Last week, 5-year old Grace came rushing into the house from the back yard, clutching a stick. She thrust it into my face and asked, “Mommy! What is this?”
Clinging to the end of the stick was a small slug.
“That’s a slug,” I said.
“Oh! I love it! I’m going to keep it for a pet! Can I have a container?”
She kept the slug for approximately seven minutes, then shook it out of the Tupperware and said, “Mom. When can I get a hamster?”
Now, don’t tell her, but I have always had a soft spot for hamsters in my heart. When I was a schoolgirl, my friends all seemed to have hamsters in clear plastic . I, too, wanted a fluffy hamster to play with and watch as it crawled through the tunnels of its hamster-playground. cages
I asked my mother and to my great shock, she acquired not one hamster, but two. The problem was that instead of a trendy plastic, my hamsters came in a giant sturdy, homemade wooden box with a wire front. The box was divided into two sections because my hamsters–mother and son–hated one another.
The bigger problem was that the-green box was stinky and difficult to clean. Hamster urine soaked into the unfinished wood. (What were those grown-ups thinking?) Cleaning it was my job, of course, but I was just a child, probably eight or nine years old, and I couldn’t manage it.
I never did bond with my two hamsters. They were a source of anxiety to me and a distressing disappointment. My mother never quite understood my desires. Once, I asked for roller skates–my friends and I liked to go to the roller rink on weekends and skate. And my friend had her own skates. My mother gave me skates for Christmas, but my new skates did not have rubber wheels, but steel ones. They were just wrong, all wrong.
One fall, I needed a new winter coat. At a garage sale, my mother handed me a dark browncoat. The sleeves were too short and it was hideous. I refused it and felt my mother’s anger. She was probably not angry with me, but angry at a life that forced her to buy winter coats for her children at garage sales. (I am a bargain-shopper, myself, but I like the thrill of finding a good deal.) Still, I felt the sting of her fury.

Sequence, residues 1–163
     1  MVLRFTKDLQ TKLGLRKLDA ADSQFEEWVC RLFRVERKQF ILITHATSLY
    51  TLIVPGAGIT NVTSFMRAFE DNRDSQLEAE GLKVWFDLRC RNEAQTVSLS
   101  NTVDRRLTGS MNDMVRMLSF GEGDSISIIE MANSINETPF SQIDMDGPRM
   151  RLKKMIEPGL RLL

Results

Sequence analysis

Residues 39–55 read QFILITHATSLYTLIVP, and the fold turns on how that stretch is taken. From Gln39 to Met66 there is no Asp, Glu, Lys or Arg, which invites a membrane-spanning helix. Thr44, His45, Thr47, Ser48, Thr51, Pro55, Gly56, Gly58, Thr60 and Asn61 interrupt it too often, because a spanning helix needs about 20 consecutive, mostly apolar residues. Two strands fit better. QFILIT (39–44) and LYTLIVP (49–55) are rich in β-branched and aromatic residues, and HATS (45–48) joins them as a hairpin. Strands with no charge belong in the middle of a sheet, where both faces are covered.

These things I remember have no file in my mother’s memory. She can’t even remember the puppy, Midnight, that was given to me as a Christmas gift one year. Although we lived in the same home, we lived lives that only barely intersected from time to time. She’s can’t remember most of my childhood.
I hope that jotting things down here will help me remember not only my own life, but the slugs that make an occasional appearance in our home. My life as a middle-aged woman is about grasping the small moments, examining them and imprinting them on my memory. Later, I will say, “Yes! I remember that day with the slug!” and we will exult in our shared memories.
(What I will not save for later is the memory of my teenage son who is intent on driving me crazy with his lazy insolence. And he was so cute when he was little.)